West Virginia American Water acquires QSPSD water system

West Virginia American Water

West Virginia American Water announced it has completed its acquisition of the Queen Shoals Public Service District (QSPSD) water system.

Queen Shoals PSD previously purchased water through an interconnection with West Virginia American Water but owned its water distribution system and was responsible for operations, maintenance, billing and rates.

The system serves 215 customers in and around the communities of Bomont, Glen, Odessa, Queen Shoals and Valley View Drive in western Clay County.

When QSPSD experienced extreme duress after flooding destroyed the supply main for the water system, West Virginia American Water provided emergency assistance to help restore water service to QSPSD customers. This assistance included restoring 2.5 miles of roads and creek banks and installing 1,500 feet of temporary water lines to bypass areas where the existing line was damaged or missing.

Earlier this month, West Virginia American Water completed a year-long $1 million project to permanently install 14,400 feet of water main outside of the floodplain and retire the temporary water line installed last year.

“We were proud to assist Queen Shoals PSD when it faced dire straits following last summer’s devastating floods, and we are equally pleased to become the long-term, sustainable water utility solution for this community and its citizens who already rely on us for clean, safe water,” said Brian Bruce, president of West Virginia American Water.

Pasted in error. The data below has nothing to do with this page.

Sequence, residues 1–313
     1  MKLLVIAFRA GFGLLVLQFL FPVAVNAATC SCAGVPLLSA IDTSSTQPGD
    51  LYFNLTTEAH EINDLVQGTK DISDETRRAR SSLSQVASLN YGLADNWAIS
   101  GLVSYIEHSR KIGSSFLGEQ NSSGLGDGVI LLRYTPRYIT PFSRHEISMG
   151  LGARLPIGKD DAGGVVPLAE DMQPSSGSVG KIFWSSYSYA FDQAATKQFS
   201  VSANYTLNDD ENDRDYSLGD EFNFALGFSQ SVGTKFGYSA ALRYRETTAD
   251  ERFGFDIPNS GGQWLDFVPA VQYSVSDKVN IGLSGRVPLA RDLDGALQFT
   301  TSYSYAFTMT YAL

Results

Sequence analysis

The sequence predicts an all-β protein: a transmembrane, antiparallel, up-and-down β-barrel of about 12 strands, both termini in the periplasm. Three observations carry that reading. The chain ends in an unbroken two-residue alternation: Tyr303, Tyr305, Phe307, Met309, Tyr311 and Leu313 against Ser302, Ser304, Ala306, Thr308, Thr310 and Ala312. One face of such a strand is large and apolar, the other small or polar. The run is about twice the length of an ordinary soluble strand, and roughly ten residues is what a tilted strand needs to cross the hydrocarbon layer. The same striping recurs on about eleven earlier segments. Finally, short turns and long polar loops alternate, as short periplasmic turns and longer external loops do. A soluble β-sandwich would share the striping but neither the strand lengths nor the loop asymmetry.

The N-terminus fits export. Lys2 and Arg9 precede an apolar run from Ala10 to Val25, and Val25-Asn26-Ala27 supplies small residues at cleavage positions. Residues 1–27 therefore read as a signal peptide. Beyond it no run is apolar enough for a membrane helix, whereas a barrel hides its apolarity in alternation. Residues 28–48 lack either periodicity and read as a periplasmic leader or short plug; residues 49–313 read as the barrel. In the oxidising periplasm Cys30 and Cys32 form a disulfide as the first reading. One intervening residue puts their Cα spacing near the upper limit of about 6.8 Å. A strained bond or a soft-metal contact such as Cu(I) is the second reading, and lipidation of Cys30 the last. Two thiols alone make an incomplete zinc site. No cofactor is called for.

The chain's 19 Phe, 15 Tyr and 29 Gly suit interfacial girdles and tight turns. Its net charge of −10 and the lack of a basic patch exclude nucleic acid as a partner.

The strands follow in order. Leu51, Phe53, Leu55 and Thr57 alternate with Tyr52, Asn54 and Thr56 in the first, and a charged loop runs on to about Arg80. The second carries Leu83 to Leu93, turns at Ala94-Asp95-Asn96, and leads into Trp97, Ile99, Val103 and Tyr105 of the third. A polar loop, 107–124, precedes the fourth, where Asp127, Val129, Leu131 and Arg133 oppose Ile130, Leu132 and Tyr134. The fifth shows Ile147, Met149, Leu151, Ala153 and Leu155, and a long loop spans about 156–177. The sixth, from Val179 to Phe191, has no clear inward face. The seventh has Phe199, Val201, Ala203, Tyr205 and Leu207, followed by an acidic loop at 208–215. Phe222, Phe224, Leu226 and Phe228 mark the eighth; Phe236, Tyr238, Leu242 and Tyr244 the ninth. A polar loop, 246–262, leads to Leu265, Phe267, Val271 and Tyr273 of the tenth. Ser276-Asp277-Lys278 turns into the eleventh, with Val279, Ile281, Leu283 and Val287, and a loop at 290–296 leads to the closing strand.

Effective today, Queen Shoals PSD customers are now customers of West Virginia American Water, paying the company’s standard rates as set by the PSC. Certain low income customers may qualify for an automatic 20 percent discount through the company’s Special Reduced Rate program.

Throughout the next week, West Virginia American Water representatives will be replacing all water meters in the former QSPSD system to ensure accurate and timely billing.

“Small water systems across the state often struggle to keep up with the operational, maintenance and regulatory demands of running a water system, and we know the hardship it causes for utility managers and customers,” Bruce continued.

“We are pleased to expand our operations to serve these Clay County residents and are confident that our team’s expertise and our company’s investment will improve service reliability for these customers for years to come,” Bruce added.